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Name: Phoebe N.
Status: educator
Age: 50s
Location: N/A
Country: N/A
Date: Sunday, October 27, 2002

If we are to believe that skin color is darker near the equator because of protection from the sun, and, conversely that the further away from the equator, the lighter the skin because of necessity to absorb vitamin D....why is it that there is such a discrepancy between skin color in Scandinavians and, say, native people of northern Canada or Alaska?

Their ancestry is quite different.

Peter Faletra Ph.D.
Assistant Director
Science Education
Office of Science
Department of Energy

Since the human life span is so long, relatively, evolutionary change takes a very long time to show phenotypically. These hypotheses of the evolution of skin color try to answer the question of why dark skin seems to be more common at the equator and why light skin evolved in temperate areas. Recent evidence has forced a change in the old idea that dark skin evolved to protect from skin cancer at the equator. Although that is a benefit of more melanin, the new hypotheses say that dark skin protects against loss of folate, a vitamin that we need in our metabolism. In the regions with less direct sunlight this was not a problem, the new problem was getting enough sunlight to make Vitamin D. Those with lighter skin could get enough sunlight to make Vitamin D, making them more fit for their environment. This process however, took place over millennia. In the meantime humans were migrating all over the globe, crossing the land bridge from Asia into the Americas. In today's mobile society humans can "migrate" at will and you would expect that the populations of various regions would become more diverse. Humans also now have the ability to manipulate their environment, i.e., take vitamins, and cover their skin or go indoors to protect themselves from the environment.

Van Hoeck

There is are "problems" with your reasoning. I am not criticizing, because the same question asked in many different forms has been proposed both in the past and present.

First, it is not evident that people living near the equator have darker skin because of protection from the sun, or that people living in northern climates have light skin to increase the production of vitamin D. Does it? Where are the data? I could suggest that dark skinned people would produce more vitamin D because their skin is dark, and light skinned people would produce vitamin D less efficiently because their skin reflects more sunlight, thus inhibiting the production of vitamin D. That reasoning is called the fallacy of "correlation and causation". The two observations may be correlated, but one does not necessarily cause the other. The skin color correlation also ignores other differences, for example, diet.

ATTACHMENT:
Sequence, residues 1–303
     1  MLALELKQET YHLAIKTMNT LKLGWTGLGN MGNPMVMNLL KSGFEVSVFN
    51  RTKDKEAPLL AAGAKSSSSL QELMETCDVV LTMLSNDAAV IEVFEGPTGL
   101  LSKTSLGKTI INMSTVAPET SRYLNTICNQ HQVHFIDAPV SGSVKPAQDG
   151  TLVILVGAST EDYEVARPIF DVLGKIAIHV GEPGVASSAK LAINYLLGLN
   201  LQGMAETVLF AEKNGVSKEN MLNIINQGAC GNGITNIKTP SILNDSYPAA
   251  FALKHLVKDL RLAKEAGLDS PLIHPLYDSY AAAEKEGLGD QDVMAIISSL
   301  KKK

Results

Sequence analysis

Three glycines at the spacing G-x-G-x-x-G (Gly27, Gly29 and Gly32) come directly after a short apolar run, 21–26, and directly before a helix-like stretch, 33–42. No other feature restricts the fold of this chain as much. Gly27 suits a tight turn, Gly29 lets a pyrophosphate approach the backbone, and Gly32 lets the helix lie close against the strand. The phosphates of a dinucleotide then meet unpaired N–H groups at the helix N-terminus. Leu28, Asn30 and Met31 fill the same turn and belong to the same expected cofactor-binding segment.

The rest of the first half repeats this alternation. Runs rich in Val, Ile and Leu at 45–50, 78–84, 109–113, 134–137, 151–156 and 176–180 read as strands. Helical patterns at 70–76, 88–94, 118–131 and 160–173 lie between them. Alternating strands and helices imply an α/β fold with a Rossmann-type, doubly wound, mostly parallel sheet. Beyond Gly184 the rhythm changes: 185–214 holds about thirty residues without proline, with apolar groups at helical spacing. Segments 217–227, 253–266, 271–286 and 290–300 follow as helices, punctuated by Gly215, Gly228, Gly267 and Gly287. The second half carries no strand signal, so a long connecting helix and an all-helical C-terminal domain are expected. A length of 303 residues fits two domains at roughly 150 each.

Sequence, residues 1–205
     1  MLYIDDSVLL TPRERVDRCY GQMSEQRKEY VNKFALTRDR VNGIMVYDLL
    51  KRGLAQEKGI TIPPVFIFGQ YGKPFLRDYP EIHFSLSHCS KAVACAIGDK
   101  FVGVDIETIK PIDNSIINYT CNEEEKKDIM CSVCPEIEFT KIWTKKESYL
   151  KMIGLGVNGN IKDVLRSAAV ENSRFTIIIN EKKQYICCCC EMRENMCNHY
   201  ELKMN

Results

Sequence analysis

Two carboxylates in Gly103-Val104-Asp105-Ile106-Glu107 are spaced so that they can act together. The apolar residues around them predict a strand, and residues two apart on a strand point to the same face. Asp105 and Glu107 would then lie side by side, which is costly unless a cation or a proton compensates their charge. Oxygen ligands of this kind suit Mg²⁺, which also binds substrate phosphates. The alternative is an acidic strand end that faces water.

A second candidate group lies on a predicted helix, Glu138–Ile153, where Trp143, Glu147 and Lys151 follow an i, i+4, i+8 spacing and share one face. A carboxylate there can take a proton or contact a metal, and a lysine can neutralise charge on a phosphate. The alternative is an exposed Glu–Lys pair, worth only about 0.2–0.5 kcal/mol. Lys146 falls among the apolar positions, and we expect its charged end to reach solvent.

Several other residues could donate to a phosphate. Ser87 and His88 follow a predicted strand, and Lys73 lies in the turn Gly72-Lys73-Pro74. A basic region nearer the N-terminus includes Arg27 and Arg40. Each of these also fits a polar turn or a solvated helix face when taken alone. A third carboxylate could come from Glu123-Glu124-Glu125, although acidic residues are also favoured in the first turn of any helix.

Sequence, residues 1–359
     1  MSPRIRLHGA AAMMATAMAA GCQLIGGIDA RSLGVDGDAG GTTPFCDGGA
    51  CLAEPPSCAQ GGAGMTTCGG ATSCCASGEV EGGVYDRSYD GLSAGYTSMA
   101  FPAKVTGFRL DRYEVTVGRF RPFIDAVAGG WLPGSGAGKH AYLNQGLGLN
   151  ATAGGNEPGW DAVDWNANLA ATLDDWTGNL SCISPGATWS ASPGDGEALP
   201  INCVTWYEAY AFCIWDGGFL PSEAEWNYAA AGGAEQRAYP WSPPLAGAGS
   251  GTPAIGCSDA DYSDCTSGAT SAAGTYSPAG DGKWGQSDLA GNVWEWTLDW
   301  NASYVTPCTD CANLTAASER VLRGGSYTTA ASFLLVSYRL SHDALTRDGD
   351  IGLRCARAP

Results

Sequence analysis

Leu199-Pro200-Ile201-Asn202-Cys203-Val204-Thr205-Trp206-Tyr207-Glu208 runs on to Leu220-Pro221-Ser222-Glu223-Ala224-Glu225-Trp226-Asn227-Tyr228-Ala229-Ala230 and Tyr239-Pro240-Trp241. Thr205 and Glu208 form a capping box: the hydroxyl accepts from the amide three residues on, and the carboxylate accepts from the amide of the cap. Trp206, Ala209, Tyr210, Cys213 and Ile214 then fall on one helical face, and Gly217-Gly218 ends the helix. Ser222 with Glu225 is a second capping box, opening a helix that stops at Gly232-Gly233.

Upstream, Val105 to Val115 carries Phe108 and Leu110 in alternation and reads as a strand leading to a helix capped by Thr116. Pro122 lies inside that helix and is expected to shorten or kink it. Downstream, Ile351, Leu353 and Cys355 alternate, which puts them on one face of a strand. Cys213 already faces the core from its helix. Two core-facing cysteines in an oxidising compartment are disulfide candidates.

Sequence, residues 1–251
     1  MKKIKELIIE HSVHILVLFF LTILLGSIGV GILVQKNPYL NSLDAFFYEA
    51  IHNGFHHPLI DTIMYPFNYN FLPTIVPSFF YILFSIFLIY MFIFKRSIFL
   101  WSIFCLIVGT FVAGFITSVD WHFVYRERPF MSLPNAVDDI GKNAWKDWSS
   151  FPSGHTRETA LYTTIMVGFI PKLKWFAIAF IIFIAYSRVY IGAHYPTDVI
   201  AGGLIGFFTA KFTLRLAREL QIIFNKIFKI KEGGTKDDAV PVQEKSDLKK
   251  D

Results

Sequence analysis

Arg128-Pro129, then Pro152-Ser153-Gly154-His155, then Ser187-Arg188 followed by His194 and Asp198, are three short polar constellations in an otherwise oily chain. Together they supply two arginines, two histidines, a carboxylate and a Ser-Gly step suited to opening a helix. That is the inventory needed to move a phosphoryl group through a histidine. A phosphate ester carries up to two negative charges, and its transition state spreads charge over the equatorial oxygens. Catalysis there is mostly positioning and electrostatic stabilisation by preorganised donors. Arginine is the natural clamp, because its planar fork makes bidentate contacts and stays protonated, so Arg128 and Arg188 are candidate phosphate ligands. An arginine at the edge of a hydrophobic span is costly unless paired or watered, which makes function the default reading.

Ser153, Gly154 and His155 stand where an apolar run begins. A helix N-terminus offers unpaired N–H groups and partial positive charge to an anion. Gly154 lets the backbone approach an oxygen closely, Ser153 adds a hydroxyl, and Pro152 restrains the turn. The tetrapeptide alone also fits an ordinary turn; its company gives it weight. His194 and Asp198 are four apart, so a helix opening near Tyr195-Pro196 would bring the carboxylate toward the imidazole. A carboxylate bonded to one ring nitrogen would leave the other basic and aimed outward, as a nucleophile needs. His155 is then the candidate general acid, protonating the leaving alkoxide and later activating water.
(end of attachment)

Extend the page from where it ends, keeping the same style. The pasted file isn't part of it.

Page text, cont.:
Second, indigenous peoples in Australia and New Zealand are very dark - skin but do not live near the equator.

Third, we are observing the global distribution of skin color in a "snapshot" of time in an evolutionary geological context. Genetic changes generally require a very long time -- millions of years -- but our demographic observations are only a few thousand years old, and people can migrate from one region to the other in a matter of decades -- even hours in the last century -- which is much too fast for genetics to "catch up". So we do not know that Scandinavians always lived where they now live, and Africans always lived where they now lived.

Fourth, there may be more fundamental differences in the biochemistry and genetics that are operating, and skin color just happens to be a consequence with no relevance to exposure to sunlight. It is a very complex subject, that I do not think is well understood at all.

Vince Calder

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